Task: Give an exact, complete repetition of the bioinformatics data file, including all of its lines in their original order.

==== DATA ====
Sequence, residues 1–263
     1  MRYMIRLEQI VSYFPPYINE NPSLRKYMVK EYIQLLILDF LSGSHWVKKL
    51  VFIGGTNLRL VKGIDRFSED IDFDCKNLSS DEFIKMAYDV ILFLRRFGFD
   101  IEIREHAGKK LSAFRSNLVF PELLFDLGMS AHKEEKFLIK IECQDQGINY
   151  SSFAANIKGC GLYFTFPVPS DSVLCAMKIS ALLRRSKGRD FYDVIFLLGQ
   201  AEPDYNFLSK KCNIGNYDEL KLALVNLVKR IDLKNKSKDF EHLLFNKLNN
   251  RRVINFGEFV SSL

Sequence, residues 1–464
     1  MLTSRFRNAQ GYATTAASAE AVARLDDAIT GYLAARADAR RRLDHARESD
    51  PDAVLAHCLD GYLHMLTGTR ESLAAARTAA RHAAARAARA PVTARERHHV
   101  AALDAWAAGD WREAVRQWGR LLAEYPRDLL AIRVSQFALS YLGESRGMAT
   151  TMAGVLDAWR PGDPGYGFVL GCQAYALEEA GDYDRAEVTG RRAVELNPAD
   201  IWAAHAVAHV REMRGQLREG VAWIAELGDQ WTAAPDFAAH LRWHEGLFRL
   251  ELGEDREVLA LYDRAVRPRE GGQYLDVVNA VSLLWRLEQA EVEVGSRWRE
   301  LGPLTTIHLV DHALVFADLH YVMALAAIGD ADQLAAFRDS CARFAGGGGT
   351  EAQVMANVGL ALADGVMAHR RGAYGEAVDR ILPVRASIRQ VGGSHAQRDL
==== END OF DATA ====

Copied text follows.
Sequence, residues 1–263
     1  MRYMIRLEQI VSYFPPYINE NPSLRKYMVK EYIQLLILDF LSGSHWVKKL
    51  VFIGGTNLRL VKGIDRFSED IDFDCKNLSS DEFIKMAYDV ILFLRRFGFD
   101  IEIREHAGKK LSAFRSNLVF PELLFDLGMS AHKEEKFLIK IECQDQGINY
   151  SSFAANIKGC GLYFTFPVPS DSVLCAMKIS ALLRRSKGRD FYDVIFLLGQ
   201  AEPDYNFLSK KCNIGNYDEL KLALVNLVKR IDLKNKSKDF EHLLFNKLNN
   251  RRVINFGEFV SSL

Sequence, residues 1–464
     1  MLTSRFRNAQ GYATTAASAE AVARLDDAIT GYLAARADAR RRLDHARESD
    51  PDAVLAHCLD GYLHMLTGTR ESLAAARTAA RHAAARAARA PVTARERHHV
   101  AALDAWAAGD WREAVRQWGR LLAEYPRDLL AIRVSQFALS YLGESRGMAT
   151  TMAGVLDAWR PGDPGYGFVL GCQAYALEEA GDYDRAEVTG RRAVELNPAD
   201  IWAAHAVAHV REMRGQLREG VAWIAELGDQ WTAAPDFAAH LRWHEGLFRL
   251  ELGEDREVLA LYDRAVRPRE GGQYLDVVNA VSLLWRLEQA EVEVGSRWRE
   301  LGPLTTIHLV DHALVFADLH YVMALAAIGD ADQLAAFRDS CARFAGGGGT
   351  EAQVMANVGL ALADGVMAHR RGAYGEAVDR ILPVRASIRQ VGGSHAQRDL